The following is the verbatim dialogue from the Woddville Karst Plain Project video "Doing it Right" provided by Sean T. Stevenson , which has come to be known as on of the most valuable resource for information concerning the Hogarthian style of rigging. Please note that the following text was meant to accompany video images, so it may not make a whole lot of sense
So we'll start with the very smallest things. Here's the drysuit, we'll get back to that later. That little thing is a spool. It's a safety spool. You don't need a great big reel or any convoluted reel. You need something that's very very simple, something that's foolproof that you can't mess up. All that is is a piece of line on a string. These are some gas analysis sheets. Every bottle is catalogued, serial numbered and its contents are marked on the gas analysis sheet. That's how we keep track of where we are. This is the harness, and again we're going to go put all this together again later, but we're going to pull it out and look at it first. It's a very simple harness. This harness is made from one piece of webbing only, except for the crotch strap which is separate. You see where the knife is placed on the harness. It's just a line cutter that's serrated. See how the crotch strap goes through the waist belt. And you'll see hoe the waist belt - the buckle, holds the light in place. You can see the backup lights are hung from the chest D-rings, and are held in place - in this case by a tank O-ring. They're out of the way of the front of the diver, they're actually underneath the arms. This is a hip-mounted/side-mounted canister. his particular light is a Gavin light - a Gavin designed light, similar to an American Underwater, and several other types. You see the buckle on the waist strap holds the canister in place. Anything you don't need, you don't put on your rig. If something can serve two purposes then it should as this buckle does, so the buckle just comes all the way around. The backup light is a twist-on, it's a 3 battery light, it has a bolt snap tied to it with cave line, that's hooked to the D-ring and held in place like I say either by a piece of bicycle inner tube, or in this case by a tank O-ring because they're a little more durable, but you can see it's out of the way completely, and doesn't interfere with the diver at all. This is a safety spool - again a simple piece of equipment which is what you need in an emergency is a simple piece of equipment. You can see the light is completely shielded by the arm and the shoulder, it causes no drag whatsoever and it doesn't add to the diver's profile either way. The cord should be enough length to reach the left hand outstreched. It can be held in that hand, or it can be switched around, for scootering. In this case for surveying it's hung over the neck, and it illuminates the book clearly. It's nice to have a van set up like this with tank racks and all, but in some cases that might be impractical. If you take a look at the strap here there's two D-rings. One in the back that's for reels and soforth, and the one in the front is the one from which the diver is towed by his scooter. The back ring is not really necessary. I use it when I'm wreck diving for a liftbag and when I'm cave diving for an exploration reel, but it's otherwise superfluous.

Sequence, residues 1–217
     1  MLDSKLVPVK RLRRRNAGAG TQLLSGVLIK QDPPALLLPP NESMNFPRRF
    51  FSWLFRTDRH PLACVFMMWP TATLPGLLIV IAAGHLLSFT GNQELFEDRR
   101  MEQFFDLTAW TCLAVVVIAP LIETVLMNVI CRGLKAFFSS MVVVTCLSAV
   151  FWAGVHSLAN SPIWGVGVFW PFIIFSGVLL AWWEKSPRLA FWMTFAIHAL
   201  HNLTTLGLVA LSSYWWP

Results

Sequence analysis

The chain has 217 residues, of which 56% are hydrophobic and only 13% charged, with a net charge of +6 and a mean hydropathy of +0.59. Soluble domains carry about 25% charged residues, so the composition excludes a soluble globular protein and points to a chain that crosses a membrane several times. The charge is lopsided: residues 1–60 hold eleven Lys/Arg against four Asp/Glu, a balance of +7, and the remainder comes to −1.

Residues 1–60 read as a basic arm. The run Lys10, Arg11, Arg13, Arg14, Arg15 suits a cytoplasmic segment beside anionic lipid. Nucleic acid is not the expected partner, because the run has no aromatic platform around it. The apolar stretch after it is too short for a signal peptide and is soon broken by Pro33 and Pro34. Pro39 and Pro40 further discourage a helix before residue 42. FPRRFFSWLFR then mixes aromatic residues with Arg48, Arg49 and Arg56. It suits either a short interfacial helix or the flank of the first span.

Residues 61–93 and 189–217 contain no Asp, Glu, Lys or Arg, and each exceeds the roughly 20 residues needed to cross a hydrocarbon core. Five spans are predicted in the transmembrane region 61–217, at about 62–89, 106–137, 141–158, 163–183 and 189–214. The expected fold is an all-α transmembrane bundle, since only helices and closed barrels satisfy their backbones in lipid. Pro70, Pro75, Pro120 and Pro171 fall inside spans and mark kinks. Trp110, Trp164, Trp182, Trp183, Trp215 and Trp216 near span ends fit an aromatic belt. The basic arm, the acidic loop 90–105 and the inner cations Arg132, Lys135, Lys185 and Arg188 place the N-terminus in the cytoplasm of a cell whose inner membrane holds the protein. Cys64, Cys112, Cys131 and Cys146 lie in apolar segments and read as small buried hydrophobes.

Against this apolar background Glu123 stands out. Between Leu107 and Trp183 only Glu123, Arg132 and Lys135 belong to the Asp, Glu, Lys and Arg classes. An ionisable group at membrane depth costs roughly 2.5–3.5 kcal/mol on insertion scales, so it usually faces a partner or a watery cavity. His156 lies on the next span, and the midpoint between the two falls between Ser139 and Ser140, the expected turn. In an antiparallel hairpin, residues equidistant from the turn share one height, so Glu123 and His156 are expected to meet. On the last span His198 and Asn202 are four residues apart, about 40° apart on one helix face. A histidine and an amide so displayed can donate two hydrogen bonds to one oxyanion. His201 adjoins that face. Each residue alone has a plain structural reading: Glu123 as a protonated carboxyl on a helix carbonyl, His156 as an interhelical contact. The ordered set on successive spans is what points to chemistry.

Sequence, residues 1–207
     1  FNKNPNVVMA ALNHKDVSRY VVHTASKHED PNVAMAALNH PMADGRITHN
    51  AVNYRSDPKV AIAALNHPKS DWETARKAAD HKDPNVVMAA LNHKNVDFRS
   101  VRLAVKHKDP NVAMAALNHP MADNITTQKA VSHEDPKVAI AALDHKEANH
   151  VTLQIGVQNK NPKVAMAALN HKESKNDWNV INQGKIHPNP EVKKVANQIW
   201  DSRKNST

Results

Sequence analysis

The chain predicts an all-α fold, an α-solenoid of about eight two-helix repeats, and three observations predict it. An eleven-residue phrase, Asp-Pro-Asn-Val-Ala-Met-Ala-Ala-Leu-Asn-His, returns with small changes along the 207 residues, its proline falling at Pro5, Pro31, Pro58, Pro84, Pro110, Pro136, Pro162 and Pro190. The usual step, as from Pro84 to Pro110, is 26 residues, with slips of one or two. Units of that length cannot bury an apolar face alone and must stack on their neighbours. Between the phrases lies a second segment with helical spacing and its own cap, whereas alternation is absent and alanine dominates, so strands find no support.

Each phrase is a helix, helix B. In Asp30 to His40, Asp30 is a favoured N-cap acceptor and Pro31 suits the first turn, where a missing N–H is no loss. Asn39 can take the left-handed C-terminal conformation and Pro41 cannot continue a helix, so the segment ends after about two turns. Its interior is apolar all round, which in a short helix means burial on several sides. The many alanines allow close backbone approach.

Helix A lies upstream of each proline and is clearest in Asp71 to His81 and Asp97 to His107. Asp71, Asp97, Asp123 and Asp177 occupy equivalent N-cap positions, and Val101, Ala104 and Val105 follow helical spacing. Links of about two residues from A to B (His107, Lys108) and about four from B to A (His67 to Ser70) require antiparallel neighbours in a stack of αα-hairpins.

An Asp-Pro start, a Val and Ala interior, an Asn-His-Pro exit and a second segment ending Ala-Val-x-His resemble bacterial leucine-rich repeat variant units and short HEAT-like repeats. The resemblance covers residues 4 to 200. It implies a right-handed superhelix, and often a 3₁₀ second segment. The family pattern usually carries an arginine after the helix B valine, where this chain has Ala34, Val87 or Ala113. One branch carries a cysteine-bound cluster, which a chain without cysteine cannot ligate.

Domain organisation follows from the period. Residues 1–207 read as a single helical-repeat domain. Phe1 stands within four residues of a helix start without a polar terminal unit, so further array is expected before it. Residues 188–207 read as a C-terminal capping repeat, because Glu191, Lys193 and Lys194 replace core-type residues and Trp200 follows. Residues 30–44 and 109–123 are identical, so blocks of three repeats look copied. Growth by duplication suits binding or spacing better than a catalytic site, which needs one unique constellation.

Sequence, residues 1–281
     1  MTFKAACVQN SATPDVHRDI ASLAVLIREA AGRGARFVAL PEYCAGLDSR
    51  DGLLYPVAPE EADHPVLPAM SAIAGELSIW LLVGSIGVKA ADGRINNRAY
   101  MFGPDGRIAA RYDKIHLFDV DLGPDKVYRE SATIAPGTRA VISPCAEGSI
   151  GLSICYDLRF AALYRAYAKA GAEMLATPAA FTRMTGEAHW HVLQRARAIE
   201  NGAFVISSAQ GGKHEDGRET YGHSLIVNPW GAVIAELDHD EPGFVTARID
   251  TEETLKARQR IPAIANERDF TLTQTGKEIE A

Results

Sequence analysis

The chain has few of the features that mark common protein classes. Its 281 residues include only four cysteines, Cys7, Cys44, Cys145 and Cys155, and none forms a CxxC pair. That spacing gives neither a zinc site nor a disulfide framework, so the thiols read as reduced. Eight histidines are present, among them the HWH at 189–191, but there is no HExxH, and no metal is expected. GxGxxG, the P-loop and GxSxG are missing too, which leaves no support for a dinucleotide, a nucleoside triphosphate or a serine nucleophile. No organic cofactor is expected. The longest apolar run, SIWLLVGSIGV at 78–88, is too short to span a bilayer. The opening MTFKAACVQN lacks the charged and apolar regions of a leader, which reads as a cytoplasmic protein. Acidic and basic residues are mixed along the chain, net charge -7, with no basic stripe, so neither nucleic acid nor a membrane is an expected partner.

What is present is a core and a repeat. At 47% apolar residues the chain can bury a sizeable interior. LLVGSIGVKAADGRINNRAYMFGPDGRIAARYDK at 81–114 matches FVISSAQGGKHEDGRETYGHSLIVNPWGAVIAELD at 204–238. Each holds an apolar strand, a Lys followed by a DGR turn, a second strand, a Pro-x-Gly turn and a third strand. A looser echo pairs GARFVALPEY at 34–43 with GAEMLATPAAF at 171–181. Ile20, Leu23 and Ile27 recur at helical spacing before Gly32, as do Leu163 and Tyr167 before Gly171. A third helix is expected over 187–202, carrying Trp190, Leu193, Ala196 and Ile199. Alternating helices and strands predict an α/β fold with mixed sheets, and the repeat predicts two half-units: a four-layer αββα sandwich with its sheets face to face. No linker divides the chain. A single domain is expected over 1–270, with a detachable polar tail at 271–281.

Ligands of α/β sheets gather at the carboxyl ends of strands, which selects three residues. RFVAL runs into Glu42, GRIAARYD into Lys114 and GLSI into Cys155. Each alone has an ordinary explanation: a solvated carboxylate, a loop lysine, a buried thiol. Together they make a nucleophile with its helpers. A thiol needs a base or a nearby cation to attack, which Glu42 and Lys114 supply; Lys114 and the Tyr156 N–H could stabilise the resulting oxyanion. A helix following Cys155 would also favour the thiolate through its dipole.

These wings are just standard DiveRite wings, but if you take them and you double-clamp the inflator hose, and you put a piece of rubber inner tube overtop of the bladder inside, you won't have any trouble with them at all. This particular set of wings is five years old, and has never had a leak. So you don't need double wings or any of these kind of things, or anything fancy. Just a simple set of wings will work, if they're properly protected on the inside with that sheet of rubber. These are what we call our "standard issue fin", the ScubaPro XL Jetfin. Those are old Farallon spring straps. It's just a stainless steel spring with a cord inside of it, so that if the spring broke the cord would hold it, and it has nickel bands holding it on. Here's the final rig, and again we're going to go back and go piece by piece but here's the final rig - you can see how simple and clean it is. The backup reg hangs around the neck and it comes from the left post. You should be able to reach down and pick it up with your mouth - it should be just that simple. The long hose is a big mystery to a lot of people; the long hose just hangs around the neck. It isn't going to choke you or anything else. You see - it will come right out over your head. It's the simplest, cleanest way to do it. If the intermediate pressure of the regulator is set properly to the second stage, you won't have any problem with ease of breathing. A good dive operation requires a decent gas setup. You've got to have all the proper gases. Here's the back of the tanks. I use this little pony rig to hold on my argon bottle. Any way you do it seems to be fine - I'm just paranoid about anything I can't remove myself. I hang it upside down so I can reach the valve. On these OMS tanks, you really need to add weight to make them equal to 104's, and if you're using a neoprene drysuit you'll probably have to use one of those weights with anything. The wings go on next, and of course the backplate screws on top of that, holding that weight in place underneath.